In addition to 14 remastered CDs containing the four operas with edits that have carefully and sensitively improved the result, the package more than justifies its high price of almost US$300 by including:

  • two CD audiobooks with “An Introduction to the Ring” by Deryck Cooke,
  • a single audio-only Blu-ray Disc of the entire cycle remastered in lossless 24-bit audiophile-quality sound,
  • a CD of other overtures etc by Wagner including the Siegfried Idyll and Kinderkatechismus; these were recorded in Vienna at the time during which the Ring was being recorded,
  • a DVD of the BBC documentary, “The Golden Ring: The Making of Solti’s Ring” by Humphrey Burton,
  • Culshaw’s classic book Ring Resounding – otherwise long out of print (ISBN-10: 1845951948; ISBN-13: 978-1845951948), the complete libretti of The Ring in German with English translations,
  • five high quality prints of photos from the recording sessions… in the Sofien Hall, Vienna,
  • a color facsimile of one of Solti’s working scores with his markings explained,
  • a 40-page brochure of original Decca advertisements and reviews.
  • The first aspect of this release that cannot but strike you is indeed its very sumptuousness, its luxury. The entire package weighs nearly 12 lbs. It comes in a large black and gold stiff (cardboard) box with an equally extravagantly-embossed white slip case. These are all 12″ square and 3″ deep… as were the original LPs. The box has four components, which each slides easily out of the substantially-constructed slip case.

    Over and above the abundance of resources which Decca offers us in this edition has to be the quality of the original Culshaw Ring. It does – as was to be hoped – stand up particularly well to the transfer from tapes made half a century ago. So well, in fact, that you begin to wonder whether the engineers in the 1960s knew something that we didn’t about how to “future proof” their recordings. In fact, Philip Siney, the engineer used digital tapes from 1997 to remaster the set, so badly had the analog ones from 1958, 1965, 1962 and 1964 (in cycle order) deteriorated.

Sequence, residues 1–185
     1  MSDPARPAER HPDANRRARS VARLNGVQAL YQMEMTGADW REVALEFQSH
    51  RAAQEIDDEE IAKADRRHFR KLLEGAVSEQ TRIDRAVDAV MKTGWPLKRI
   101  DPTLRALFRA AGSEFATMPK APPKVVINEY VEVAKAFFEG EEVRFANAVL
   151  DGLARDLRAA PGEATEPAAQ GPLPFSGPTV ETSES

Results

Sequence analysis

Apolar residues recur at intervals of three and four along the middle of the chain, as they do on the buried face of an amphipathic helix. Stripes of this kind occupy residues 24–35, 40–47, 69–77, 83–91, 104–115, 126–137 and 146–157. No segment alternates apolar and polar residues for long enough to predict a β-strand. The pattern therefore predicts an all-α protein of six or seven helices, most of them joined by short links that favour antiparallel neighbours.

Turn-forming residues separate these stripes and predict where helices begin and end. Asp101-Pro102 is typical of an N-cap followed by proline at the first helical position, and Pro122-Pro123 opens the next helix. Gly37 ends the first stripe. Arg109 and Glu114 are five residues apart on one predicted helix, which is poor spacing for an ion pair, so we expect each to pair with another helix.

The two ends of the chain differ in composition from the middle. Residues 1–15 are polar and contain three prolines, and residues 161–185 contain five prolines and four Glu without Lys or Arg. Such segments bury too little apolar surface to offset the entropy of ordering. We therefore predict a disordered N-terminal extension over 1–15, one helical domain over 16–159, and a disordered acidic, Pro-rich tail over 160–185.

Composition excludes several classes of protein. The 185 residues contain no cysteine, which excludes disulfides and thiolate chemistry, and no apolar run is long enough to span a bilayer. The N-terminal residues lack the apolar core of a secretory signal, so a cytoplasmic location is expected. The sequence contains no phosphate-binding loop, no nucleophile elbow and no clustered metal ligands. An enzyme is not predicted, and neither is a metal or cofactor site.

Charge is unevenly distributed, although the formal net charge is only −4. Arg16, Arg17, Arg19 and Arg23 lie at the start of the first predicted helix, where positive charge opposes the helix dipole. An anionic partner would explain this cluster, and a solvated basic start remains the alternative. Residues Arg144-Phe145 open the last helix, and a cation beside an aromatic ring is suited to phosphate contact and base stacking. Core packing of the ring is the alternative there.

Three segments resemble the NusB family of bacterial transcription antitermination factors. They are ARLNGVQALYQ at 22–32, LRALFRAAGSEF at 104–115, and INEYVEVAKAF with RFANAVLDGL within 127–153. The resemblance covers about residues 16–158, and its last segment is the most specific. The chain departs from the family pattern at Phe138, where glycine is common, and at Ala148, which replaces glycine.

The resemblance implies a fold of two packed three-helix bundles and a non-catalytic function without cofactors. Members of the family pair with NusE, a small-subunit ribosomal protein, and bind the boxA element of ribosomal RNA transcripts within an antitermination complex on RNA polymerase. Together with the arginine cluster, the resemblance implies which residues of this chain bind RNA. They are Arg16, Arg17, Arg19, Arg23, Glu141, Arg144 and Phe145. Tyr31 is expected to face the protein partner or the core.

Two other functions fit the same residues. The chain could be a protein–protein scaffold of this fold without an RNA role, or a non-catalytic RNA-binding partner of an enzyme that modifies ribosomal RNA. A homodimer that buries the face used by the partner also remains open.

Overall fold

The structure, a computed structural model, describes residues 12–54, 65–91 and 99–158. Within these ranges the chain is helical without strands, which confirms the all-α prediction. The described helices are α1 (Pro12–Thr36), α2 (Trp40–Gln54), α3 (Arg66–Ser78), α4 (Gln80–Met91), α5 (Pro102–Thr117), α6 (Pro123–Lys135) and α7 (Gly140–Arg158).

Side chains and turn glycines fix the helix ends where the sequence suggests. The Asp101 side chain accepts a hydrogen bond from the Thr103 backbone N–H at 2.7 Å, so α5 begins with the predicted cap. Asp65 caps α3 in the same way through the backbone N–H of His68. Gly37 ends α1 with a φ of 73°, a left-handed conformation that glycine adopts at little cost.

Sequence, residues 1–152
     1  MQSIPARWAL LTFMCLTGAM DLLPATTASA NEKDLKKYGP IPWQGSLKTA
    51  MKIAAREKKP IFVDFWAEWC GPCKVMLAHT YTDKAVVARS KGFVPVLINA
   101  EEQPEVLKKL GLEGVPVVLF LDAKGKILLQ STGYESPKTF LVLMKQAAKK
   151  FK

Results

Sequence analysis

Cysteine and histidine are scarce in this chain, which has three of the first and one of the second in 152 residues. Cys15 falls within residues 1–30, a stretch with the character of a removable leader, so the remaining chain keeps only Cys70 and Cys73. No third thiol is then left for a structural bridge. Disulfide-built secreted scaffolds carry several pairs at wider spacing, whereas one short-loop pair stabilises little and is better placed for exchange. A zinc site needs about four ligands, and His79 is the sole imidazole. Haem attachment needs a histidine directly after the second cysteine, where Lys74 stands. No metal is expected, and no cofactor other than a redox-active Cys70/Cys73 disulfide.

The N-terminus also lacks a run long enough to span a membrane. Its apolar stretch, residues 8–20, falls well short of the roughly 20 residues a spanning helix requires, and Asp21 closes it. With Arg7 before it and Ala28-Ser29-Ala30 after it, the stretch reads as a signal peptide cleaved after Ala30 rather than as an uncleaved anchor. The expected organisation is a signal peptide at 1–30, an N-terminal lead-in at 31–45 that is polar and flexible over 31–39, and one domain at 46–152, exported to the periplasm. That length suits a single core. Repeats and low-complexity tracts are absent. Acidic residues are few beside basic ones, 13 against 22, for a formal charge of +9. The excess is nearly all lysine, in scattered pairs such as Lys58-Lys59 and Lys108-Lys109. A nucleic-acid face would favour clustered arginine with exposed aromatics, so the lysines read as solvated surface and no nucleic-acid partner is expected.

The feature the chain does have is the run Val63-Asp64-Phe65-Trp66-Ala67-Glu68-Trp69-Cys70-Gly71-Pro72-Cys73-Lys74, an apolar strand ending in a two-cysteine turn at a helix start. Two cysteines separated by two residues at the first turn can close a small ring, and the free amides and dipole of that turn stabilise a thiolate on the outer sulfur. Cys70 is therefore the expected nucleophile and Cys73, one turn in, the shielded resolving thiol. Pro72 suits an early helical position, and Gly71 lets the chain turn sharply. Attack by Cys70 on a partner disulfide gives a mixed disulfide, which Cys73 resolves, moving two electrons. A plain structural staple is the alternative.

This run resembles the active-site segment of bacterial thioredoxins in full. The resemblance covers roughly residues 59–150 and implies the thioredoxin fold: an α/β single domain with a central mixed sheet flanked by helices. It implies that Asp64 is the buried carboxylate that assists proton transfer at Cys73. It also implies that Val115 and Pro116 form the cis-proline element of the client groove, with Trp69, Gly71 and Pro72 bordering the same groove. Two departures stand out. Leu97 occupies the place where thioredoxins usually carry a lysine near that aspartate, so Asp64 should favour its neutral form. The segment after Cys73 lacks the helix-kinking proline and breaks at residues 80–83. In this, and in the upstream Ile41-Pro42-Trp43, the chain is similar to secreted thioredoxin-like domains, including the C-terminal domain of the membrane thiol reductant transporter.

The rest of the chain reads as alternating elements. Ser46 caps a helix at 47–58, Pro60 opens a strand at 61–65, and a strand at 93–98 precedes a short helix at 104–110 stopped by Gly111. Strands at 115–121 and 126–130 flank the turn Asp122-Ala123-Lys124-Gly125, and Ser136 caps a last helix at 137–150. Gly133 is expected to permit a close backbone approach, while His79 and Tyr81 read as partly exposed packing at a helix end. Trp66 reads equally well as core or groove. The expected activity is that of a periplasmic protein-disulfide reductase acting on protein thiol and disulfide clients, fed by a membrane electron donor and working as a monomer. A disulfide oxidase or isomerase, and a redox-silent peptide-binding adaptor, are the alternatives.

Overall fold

What Solti and Culshaw achieved was truly remarkable (and risky): theirs was the first complete Ring to be recorded. To have succeeded so spectacularly with interpretation and performance quality, to have created what is still the (or at least a key) reference set at the first attempt was a huge achievement. Hence the added appeal of the books, prints, facsimiles and other material which Decca has included in this set. For anyone interested in the history of recorded sound, in the recording and performing traditions built by the two generations of singers in the years after World War II, as well as for lovers of opera in general and Wagner in particular, this is a wholly attractive release and Decca is to be congratulated for making it.

    The sound is projected cleanly, uniformly and to the consistent and enduring advantage of these superb performances. The strings are full and characterful; they convey emotion, excitement, pathos and the monumental drama of the cycle. They never upstage the woodwind, though, which is light, transparent and tuneful at all times. The brass is clear and incisive enough to have you start from your seat more than once. Culshaw and Solti were aiming for a theatrical Ring, not a visionary or mystical one. Still less one contorted to portray, say, the agonies of Edwardian scarf-weavers in New York. It’s pure drama – as both Humphrey Burton’s BBC documentary, “The Golden Ring” and Culshaw’s “Ring Resounding” demonstrate.

    Two of the most striking musical features of Solti’s “Ring” are the quality of its soloists; and the range of orchestral impact.